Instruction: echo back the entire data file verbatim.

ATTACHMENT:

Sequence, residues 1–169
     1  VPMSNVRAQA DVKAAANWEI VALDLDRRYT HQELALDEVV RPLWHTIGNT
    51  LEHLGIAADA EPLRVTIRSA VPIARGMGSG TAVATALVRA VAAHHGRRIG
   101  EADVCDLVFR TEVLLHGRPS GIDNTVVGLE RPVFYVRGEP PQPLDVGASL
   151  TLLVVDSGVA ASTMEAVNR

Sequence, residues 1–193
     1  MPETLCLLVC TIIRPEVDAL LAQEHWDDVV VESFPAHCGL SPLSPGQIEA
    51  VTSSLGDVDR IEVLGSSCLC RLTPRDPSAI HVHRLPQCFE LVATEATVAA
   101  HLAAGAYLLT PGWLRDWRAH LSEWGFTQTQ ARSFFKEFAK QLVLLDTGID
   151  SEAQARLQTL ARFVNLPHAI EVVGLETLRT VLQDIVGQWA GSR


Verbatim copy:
Sequence, residues 1–169
     1  VPMSNVRAQA DVKAAANWEI VALDLDRRYT HQELALDEVV RPLWHTIGNT
    51  LEHLGIAADA EPLRVTIRSA VPIARGMGSG TAVATALVRA VAAHHGRRIG
   101  EADVCDLVFR TEVLLHGRPS GIDNTVVGLE RPVFYVRGEP PQPLDVGASL
   151  TLLVVDSGVA ASTMEAVNR

Sequence, residues 1–193
     1  MPETLCLLVC TIIRPEVDAL LAQEHWDDVV VESFPAHCGL SPLSPGQIEA
    51  VTSSLGDVDR IEVLGSSCLC RLTPRDPSAI HVHRLPQCFE LVATEATVAA
   101  HLAAGAYLLT PGWLRDWRAH LSEWGFTQTQ ARSFFKEFAK QLVLLDTGID
   151  SEAQARLQTL ARFVNLPHAI EVVGLETLRT VLQDIVGQWA GSR